Different examples from Voting Theory that illustrate some interesting properties.

This is an example in which different voting mechanisms of Voting Theory produce different results.

Consider this example:

- $N = 24$
- $A = \{ t, x, y, z \}$

Votes:

- 5 votes $x > y > z > t$
- 4 votes $x > z > y > t$
- 2 votes $t > y > x > z$
- 6 votes $t > y > z > x$
- 8 votes $z > y > x > t$
- 2 votes $t > z > y > x$

The global ranking is

- $t > x > z > y $
- $(10 > 9 > 8 > 0)$

Therefore $t$ gets elected

- But 17 voters (the majority!) prefer $x$ to $t$
- Condorcet Fairness criterion is not satisfied

Round 1:

- $x$ and $t$ are selected

Round 2:

- remove all other candidates:
- 5 + 4 + 8 = 17 votes $x > t$
- 2 + 6 + 2 = 10 votes $t > x$

$x$ wins

- but $y$ is preferred to $x$ by 18 voters (the majority!)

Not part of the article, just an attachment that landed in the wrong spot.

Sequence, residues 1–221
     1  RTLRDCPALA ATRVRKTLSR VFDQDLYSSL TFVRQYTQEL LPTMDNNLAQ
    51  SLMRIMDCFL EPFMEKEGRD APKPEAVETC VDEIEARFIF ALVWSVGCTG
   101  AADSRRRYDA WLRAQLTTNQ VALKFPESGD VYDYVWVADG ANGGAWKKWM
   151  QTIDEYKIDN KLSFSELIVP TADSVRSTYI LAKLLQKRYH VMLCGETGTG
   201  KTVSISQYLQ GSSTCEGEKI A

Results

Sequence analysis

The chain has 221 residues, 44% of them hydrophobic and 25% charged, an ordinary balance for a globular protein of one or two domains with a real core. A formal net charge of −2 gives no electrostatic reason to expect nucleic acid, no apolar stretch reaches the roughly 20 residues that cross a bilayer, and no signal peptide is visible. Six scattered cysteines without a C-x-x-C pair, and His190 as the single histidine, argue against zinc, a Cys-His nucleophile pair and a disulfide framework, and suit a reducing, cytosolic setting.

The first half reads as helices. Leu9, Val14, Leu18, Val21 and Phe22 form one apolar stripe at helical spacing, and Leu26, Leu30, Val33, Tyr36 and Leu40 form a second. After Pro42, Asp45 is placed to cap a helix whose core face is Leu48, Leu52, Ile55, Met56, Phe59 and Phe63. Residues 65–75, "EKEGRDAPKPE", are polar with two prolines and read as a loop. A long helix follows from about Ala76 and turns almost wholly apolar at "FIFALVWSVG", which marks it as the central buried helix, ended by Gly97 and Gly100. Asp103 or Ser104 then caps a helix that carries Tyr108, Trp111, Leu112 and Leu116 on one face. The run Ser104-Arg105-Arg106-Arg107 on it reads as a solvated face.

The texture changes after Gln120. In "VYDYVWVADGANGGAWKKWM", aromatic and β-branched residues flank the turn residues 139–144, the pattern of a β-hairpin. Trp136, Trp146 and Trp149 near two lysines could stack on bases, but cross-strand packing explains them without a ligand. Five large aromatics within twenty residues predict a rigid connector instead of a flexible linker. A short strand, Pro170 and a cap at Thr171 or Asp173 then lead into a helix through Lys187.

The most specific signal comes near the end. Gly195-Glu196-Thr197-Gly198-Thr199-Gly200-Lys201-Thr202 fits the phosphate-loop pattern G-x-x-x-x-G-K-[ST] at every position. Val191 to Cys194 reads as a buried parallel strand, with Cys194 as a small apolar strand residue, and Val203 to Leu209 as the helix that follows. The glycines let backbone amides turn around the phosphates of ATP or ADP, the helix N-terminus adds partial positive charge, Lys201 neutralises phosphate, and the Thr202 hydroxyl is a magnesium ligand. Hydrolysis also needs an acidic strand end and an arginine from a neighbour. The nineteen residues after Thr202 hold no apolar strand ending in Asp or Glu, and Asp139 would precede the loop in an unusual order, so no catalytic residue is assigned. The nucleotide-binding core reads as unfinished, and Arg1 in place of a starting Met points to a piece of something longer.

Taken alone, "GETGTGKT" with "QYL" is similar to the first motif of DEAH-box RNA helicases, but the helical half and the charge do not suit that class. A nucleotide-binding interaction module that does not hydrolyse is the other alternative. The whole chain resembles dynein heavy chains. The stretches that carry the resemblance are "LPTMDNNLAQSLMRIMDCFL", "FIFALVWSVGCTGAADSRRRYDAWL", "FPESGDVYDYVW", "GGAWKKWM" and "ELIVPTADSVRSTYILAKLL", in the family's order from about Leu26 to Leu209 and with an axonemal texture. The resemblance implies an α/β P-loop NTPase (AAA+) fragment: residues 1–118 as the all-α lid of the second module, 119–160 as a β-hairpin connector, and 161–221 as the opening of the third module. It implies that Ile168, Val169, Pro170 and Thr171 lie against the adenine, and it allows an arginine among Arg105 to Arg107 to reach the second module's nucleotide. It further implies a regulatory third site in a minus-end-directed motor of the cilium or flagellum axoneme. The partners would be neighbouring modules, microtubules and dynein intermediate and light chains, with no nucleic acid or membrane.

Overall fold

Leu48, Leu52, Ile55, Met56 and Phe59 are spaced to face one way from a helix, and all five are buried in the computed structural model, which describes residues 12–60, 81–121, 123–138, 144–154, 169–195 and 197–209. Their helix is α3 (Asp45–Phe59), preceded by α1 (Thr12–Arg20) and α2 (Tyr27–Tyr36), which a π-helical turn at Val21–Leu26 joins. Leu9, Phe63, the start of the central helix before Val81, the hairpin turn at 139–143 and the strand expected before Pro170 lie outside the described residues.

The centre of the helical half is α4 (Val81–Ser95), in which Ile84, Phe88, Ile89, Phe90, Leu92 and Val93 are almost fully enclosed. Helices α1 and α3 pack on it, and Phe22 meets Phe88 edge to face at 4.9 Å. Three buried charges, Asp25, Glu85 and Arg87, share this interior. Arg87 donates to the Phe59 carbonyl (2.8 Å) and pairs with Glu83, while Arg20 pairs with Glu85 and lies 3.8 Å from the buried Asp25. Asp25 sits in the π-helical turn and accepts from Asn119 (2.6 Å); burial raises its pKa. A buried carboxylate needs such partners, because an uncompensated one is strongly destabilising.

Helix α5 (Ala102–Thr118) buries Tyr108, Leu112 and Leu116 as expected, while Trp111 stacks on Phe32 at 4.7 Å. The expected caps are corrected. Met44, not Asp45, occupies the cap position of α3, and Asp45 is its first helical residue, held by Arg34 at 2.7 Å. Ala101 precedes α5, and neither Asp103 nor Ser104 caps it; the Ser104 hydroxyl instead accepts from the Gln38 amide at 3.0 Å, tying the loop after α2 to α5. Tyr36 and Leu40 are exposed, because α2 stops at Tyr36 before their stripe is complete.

- Condorcet Fairness criterion is not satisfied

The Borda Scores:

- $B(t) = 57$
- $B(x) = 5 \cdot 4 + 4 \cdot 4 + 2 \cdot 2 + 6 \cdot 1 + 8 \cdot 2 + 2 \cdot 1 = 64$
- $B(y) = 75$
- $B(z) = 74$

$y$ wins

- note that $t$ is the last one, but for the Plurality Voting he is the winner

Pairwise comparison:

- $t,x: n_{xt} = 17, n_{tx} = 10 \Rightarrow x > t$
- $x,y: n_{xy} = 9, n_{yx} = 18 \Rightarrow y > x$
- $t,y: n_{ty} = 10, n_{yt} = 17 \Rightarrow y > t$
- $x,z: n_{xz} = 11, n_{zx} = 16 \Rightarrow z > x$
- $y,z: n_{yz} = 13, n_{zy} = 14 \Rightarrow z > y$
- $t,z: n_{tz} = 10, n_{zt} = 17 \Rightarrow z > t$

We build the preference graph for this:

We see that $z$ is the winner